Disney sets The BFG for December, plus The A-Team is coming to Blu-ray in Region B https://t.co/7B5zwLLgJj
Release Date(s)1968 (October 30, 2012)
Studio(s)Paramount (Criterion - Spine #630)
When you think of great horror filmmakers, you probably think of names like David Cronenberg, John Carpenter, maybe even Alfred Hitchcock. But one name that comes up infrequently in these discussions is Roman Polanski. This has always struck me as a little odd. John Landis is referred to as a Master of Horror despite the fact that he’s only made a small handful of genre movies. Polanski has made cult favorites like The Fearless Vampire Killers and The Tenant as well as indisputable classics like Repulsion and Rosemary’s Baby. Even his version of Macbeth emphasizes the horror elements in Shakespeare’s play.
Rosemary’s Baby was Polanski’s first Hollywood picture and it’s hard to imagine a more unlikely convergence of talent. The movie was produced by gimmick-meister William Castle and starred Mia Farrow, then best known as a TV starlet and as Mrs. Frank Sinatra, indie film icon John Cassavetes and old pros like Ruth Gordon and Sidney Blackmer. Somehow, these disparate personalities came together to craft one of the horror genre’s all-time classics.
Author Ira Levin excelled at combining horror and humor in novels like Rosemary’s Baby and The Stepford Wives. Polanski translates that mix to the screen as well as anyone ever has. The movie isn’t funny-ha-ha. It’s funny-peculiar. Polanski makes sure that every laugh is just a little uneasy. It’s also one of the few movies to successfully pull off the old maybe-it’s-all-in-her-head trick. Lots of movies try it but most overplay their hand in one direction or another, making it obvious whether it’s real or not. Rosemary’s Baby doesn’t. But thanks to Polanski’s direction and Farrow’s performance, the suspense is just as great if it’s all a paranoid delusion or if Rosemary really is carrying the son of Satan.
Criterion’s new Blu-ray edition of Rosemary’s Baby is a dramatic technical improvement over Paramount’s old DVD. The transfer, approved by Polanski himself, is stunning in its level of detail. Color levels have finally been made consistent, allowing you to really appreciate Richard Sylbert’s production design and William Fraker’s cinematography. Best of all, it looks like a film, not a high-def video. This really is like getting a brand new 35mm print delivered to your home. The audio is presented in its original uncompressed monaural state and is perfectly balanced.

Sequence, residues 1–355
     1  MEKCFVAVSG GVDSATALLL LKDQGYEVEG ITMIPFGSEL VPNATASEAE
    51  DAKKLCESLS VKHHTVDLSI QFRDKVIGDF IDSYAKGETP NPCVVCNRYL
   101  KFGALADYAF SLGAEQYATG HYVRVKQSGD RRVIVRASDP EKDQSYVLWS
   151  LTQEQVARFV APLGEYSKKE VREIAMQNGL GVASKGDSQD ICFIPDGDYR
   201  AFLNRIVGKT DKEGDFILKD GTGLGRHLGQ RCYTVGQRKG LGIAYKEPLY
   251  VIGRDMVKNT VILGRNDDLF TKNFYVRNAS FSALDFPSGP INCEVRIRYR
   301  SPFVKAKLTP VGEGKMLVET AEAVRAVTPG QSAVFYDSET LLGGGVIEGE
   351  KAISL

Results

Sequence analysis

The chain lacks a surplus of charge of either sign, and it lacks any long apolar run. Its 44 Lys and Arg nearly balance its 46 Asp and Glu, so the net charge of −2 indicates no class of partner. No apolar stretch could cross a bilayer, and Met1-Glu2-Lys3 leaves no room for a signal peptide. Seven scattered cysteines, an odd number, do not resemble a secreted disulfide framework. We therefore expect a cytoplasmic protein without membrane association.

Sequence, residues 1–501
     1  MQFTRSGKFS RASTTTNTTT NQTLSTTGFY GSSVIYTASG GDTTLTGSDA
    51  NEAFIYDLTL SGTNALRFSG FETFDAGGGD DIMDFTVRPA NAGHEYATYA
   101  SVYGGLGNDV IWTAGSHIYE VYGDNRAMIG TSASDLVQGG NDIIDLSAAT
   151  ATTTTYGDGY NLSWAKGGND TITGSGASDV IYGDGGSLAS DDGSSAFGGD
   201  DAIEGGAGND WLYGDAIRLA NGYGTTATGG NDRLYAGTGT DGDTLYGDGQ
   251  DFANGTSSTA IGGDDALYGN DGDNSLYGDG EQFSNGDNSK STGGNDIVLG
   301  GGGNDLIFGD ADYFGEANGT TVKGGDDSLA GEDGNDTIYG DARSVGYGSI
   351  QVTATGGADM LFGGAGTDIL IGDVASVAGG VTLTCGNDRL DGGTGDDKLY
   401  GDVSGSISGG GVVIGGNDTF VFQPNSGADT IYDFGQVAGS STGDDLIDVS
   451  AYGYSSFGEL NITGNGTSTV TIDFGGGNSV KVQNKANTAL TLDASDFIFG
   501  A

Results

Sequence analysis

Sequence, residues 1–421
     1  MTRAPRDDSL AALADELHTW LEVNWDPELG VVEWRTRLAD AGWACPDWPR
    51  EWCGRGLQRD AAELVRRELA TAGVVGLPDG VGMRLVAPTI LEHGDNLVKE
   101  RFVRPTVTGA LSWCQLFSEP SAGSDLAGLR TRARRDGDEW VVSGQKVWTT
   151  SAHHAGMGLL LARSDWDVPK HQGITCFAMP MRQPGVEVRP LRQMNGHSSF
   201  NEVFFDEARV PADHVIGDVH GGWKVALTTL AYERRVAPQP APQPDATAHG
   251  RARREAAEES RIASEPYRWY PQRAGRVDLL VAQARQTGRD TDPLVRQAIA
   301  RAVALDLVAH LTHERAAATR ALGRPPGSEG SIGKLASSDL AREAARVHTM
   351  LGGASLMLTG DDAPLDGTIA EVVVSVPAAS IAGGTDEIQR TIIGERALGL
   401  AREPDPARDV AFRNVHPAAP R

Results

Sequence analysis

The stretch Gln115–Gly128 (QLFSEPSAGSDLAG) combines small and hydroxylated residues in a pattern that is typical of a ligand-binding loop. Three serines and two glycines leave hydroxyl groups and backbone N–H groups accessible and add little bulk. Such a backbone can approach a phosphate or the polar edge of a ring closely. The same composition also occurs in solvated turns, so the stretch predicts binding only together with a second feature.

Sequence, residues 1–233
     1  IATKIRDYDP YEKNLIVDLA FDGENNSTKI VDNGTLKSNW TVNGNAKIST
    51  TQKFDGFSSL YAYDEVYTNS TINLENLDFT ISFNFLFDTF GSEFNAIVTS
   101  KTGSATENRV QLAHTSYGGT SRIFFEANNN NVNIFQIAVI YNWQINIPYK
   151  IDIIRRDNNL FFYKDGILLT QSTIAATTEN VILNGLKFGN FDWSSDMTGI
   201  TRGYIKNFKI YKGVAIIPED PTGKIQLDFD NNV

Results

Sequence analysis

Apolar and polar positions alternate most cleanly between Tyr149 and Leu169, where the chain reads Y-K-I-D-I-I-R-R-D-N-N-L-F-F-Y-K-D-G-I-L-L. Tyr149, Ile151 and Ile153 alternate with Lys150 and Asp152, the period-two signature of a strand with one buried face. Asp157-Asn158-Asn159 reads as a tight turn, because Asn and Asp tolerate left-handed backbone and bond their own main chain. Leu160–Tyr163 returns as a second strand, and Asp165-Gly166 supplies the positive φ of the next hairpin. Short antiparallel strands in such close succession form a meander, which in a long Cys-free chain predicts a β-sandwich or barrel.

The bad news with the release is that the two bonus features from Paramount’s DVD are not included. So if you want the vintage documentary Mia and Roman or the 2000 retrospective interviews with Polanski, Sylbert and Robert Evans, you’ll need to hang on to the DVD. The good news is that the new extras are outstanding, starting off with a new set of interviews with Polanski, Evans and Mia Farrow. All three have great anecdotes to share and tell them extremely well. Evans in particular is such a first-rate raconteur that he should be interviewed on every DVD, even on movies he had nothing to do with. There’s also an interesting 1997 audio interview with Ira Levin from Leonard Lopate’s radio show New York & Company. Levin was promoting his novel Son of Rosemary at the time and discusses the film adaptations of his work and hopes for a movie version of Son of Rosemary with Brad Pitt as Mia Farrow’s adult son. There’s also a feature-length documentary on composer Krzysztof Komeda, a Polish jazz musician and composer, that was considerably more compelling than I expected. The usual Criterion booklet includes an essay by Ed Park, Levin’s 2003 afterword to the novel’s reissue, and excerpts from Levin’s notebooks.
Rosemary’s Baby deserves a spot on any list of the best horror movies of all time. Criterion’s amazing new transfer alone makes this an easy upgrade to recommend even with the missing bonus features. There’s never been a better way to spend some time with all of them witches.
- Dr. Adam Jahnke